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Heads of African universities discuss harmonisation of higher education

BY: Salomey Appiah
 Mr William Hanna (right), Head of European Union Delegation in Accra, interacting with Ms Beatrice Njenga (2nd right), Head of the Education Division of the African Union, at a meeting in Accra. Those in the picture include Professor Mohammed Salifu(2nd left), Executive Secretary of the National Council for Tertiary Education and other officials. Picture: GABRIEL AHIABOR
Mr William Hanna (right), Head of European Union Delegation in Accra, interacting with Ms Beatrice Njenga (2nd right), Head of the Education Division of the African Union, at a meeting in Accra. Those in the picture include Professor Mohammed Salifu(2nd left), Executive Secretary of the National Council for Tertiary Education and other officials. Picture: GABRIEL AHIABOR

Heads of universities in Africa are meeting in Accra to discuss the harmonisation of higher education to promote academics on the continent.

The three-day symposium, with the objective of developing harmonised accreditation, credit systems and quality assurance mechanisms, is aimed at enhancing students’ mobility and global competitiveness.

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The symposium forms part of the second phase of the African higher education harmonisation and tuning initiative which seeks to improve teaching and learning to enhance skills and competences, as well as develop a common academic system in Africa.

Organised by the African Union (AU) Commission, the Association of African Universities and the University of Ghana, the symposium is funded by the European Commission through the Joint Africa-Europe Strategy on Harmonisation of Higher Education.

Need for capital devt

Speaking at the ceremony to open the symposium in Accra yesterday, the Executive Secretary of the National Council for Tertiary Education, Prof. Mohammed Salifu, said although higher education had seen massive expansion over the years, more needed to be done.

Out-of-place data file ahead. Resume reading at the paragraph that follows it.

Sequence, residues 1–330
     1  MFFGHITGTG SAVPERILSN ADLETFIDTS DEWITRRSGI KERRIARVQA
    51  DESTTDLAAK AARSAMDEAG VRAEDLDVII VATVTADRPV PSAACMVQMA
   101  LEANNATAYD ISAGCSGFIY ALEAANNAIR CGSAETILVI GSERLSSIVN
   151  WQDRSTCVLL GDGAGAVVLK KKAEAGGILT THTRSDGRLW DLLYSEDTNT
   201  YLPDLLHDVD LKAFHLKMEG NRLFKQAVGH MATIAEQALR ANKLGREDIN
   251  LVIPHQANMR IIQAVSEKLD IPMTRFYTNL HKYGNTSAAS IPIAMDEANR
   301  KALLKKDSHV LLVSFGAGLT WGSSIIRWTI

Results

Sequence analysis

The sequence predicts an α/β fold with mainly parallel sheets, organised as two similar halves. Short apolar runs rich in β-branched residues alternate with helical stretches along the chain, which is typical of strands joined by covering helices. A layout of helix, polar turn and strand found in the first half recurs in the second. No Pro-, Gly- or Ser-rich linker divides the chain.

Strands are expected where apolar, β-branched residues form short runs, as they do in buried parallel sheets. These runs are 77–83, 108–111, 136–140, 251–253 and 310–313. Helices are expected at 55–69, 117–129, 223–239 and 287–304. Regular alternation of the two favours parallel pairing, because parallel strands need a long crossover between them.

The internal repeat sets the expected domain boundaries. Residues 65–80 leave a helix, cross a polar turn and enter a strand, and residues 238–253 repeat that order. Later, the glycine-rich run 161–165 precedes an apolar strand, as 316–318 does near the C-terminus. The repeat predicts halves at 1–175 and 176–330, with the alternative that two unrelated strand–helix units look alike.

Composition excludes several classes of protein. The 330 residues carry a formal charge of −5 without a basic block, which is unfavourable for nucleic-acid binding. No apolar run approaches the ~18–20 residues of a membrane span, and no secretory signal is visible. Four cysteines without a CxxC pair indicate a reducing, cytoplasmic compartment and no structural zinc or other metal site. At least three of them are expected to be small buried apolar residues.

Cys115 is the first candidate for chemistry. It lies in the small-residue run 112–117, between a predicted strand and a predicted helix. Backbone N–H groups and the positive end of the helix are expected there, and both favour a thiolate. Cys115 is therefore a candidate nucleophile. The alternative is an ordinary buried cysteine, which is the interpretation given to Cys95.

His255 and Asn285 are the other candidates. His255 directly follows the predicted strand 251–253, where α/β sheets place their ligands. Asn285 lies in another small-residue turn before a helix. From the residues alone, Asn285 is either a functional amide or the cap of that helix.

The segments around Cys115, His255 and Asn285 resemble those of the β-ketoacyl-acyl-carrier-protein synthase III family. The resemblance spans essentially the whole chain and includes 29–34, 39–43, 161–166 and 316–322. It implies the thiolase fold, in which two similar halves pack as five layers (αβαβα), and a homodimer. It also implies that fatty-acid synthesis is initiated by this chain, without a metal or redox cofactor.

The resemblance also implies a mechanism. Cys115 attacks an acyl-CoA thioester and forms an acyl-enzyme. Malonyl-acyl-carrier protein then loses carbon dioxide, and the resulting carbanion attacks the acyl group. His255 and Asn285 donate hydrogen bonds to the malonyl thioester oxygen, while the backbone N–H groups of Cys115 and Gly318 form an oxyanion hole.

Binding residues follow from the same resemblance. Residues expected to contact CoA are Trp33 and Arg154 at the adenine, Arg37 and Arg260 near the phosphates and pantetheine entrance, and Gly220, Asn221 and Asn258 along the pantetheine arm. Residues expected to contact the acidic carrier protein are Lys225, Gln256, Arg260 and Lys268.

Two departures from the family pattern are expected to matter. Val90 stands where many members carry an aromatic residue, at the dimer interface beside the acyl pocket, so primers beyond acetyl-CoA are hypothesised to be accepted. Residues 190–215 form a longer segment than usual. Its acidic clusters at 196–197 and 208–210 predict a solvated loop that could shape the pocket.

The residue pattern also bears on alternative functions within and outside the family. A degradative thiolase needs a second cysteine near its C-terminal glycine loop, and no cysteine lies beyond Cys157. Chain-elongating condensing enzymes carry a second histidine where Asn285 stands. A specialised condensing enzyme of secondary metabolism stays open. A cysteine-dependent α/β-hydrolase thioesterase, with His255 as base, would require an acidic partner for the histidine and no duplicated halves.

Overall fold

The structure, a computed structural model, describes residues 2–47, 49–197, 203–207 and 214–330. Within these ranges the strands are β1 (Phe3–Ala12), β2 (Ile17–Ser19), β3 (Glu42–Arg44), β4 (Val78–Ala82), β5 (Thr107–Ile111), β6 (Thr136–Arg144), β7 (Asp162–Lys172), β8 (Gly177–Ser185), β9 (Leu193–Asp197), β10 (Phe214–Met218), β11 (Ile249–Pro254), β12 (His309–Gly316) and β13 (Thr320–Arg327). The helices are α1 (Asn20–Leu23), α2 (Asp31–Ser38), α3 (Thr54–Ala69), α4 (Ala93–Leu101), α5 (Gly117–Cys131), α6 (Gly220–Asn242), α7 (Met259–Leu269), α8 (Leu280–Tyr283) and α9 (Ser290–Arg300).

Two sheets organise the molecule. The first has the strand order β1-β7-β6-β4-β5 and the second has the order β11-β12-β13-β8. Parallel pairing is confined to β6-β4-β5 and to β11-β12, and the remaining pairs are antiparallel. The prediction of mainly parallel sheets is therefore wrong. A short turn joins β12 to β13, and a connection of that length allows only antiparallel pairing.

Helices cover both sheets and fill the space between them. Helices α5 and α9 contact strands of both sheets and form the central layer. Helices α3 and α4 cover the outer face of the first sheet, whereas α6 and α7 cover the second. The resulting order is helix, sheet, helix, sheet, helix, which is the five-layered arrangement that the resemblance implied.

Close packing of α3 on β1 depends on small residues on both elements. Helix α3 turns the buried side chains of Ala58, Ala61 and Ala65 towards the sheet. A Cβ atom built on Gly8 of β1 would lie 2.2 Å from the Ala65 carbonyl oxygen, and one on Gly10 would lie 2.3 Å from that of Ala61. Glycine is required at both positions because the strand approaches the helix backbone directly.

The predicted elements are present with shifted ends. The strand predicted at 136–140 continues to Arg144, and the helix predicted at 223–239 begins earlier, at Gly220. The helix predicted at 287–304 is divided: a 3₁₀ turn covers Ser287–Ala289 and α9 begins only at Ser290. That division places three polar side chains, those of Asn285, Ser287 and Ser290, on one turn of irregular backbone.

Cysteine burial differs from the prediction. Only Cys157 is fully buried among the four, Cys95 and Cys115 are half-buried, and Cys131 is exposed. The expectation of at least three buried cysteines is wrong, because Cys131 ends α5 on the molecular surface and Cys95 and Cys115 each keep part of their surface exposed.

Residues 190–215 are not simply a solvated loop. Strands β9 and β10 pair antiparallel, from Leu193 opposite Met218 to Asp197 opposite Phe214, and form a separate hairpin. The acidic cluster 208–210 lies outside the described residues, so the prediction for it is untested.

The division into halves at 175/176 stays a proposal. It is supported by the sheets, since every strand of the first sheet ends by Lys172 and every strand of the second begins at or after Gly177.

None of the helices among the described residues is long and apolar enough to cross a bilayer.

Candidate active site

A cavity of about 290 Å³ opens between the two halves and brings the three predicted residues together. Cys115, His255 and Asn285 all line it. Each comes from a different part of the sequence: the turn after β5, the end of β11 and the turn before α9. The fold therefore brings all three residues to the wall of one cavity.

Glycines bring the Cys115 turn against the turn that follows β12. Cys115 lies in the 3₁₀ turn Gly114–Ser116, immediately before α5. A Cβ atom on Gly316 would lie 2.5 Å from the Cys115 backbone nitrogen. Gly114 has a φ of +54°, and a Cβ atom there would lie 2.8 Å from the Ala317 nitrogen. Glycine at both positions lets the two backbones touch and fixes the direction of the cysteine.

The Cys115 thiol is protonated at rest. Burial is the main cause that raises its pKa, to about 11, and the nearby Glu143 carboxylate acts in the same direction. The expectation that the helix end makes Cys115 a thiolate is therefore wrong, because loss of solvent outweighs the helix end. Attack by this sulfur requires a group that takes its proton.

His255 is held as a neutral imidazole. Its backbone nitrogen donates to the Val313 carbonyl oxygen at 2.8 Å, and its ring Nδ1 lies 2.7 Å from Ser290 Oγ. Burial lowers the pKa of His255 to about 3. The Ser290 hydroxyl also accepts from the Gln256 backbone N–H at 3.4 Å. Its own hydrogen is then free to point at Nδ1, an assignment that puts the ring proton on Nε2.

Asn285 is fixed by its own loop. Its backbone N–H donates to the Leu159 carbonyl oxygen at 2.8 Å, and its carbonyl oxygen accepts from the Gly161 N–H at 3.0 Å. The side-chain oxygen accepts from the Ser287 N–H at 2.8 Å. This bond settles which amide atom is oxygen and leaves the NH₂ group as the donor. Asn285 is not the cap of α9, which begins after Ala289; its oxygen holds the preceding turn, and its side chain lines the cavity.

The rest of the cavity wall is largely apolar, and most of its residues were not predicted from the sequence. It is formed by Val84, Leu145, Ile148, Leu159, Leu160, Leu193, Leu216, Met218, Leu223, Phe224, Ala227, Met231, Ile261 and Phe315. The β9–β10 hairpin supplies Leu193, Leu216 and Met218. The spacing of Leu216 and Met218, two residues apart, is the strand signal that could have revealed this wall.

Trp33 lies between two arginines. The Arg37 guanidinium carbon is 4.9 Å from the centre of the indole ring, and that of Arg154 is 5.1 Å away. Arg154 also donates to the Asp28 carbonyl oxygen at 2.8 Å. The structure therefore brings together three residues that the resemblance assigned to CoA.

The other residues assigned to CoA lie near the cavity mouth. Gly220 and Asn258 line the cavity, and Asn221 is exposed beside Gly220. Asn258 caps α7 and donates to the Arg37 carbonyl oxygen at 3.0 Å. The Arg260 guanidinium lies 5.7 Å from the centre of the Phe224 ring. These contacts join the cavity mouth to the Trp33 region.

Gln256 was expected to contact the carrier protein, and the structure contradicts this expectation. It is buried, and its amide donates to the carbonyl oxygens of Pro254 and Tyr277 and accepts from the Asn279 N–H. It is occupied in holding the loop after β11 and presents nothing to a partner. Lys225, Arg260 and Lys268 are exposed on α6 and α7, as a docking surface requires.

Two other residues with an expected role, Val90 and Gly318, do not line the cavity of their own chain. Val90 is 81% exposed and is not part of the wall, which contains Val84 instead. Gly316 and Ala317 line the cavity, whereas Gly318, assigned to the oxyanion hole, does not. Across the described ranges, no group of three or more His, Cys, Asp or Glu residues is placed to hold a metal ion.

In the last 40 years, he said, student enrolment in Africa’s higher education had grown from about 200,000 to about 10 million today.

For instance, in Ghana today, he said, there were about 300,000 students at the higher educational level, with more than 10,000 being international students.

Prof. Salifu observed that a strong focus on human capital development had become necessary to support the socio-economic transformation needed on the continent.

“Africa needs to produce champions who will promote better governance and management in all sectors and facilitate innovative solutions to society’s problems and the universities are the best placed to provide the trained labour force needed as the driver for knowledge-based economies,” he stated.

He said the harmonisation of the academic system was meant to provide for global benchmarking competitiveness.

EU support

The Pro-Vice Chancellor of Academic and Students Affairs at the University of Ghana, Prof. Samuel Kwame Offei, said the second phase of the initiative was expected to develop a common understanding on accreditation, credit system and quality assurance in Africa.

He said the overall objective of the initiative was to create a revitalised, distinctive, attractive and globally competitive African higher educational space through intra-African collaboration.

“The initiative is aimed at, among others, ensuring consensus of academics across borders in curriculum development, educational standards and quality assurance, consistency of systems, as well as recognition and transferability of degrees to facilitate mobility,” he added.

The European Union (EU) Ambassador to Ghana, Mr William Hanna, said both the EU and the AU had mutual interest to ensure that education, fundamental values and active citizenship were enhanced though international collaboration and mobility. 

He said the EU was supporting the initiative with other programmes which sought to provide funding to build the capacities of universities and grant scholarship to students to pursue master’s degree programmes.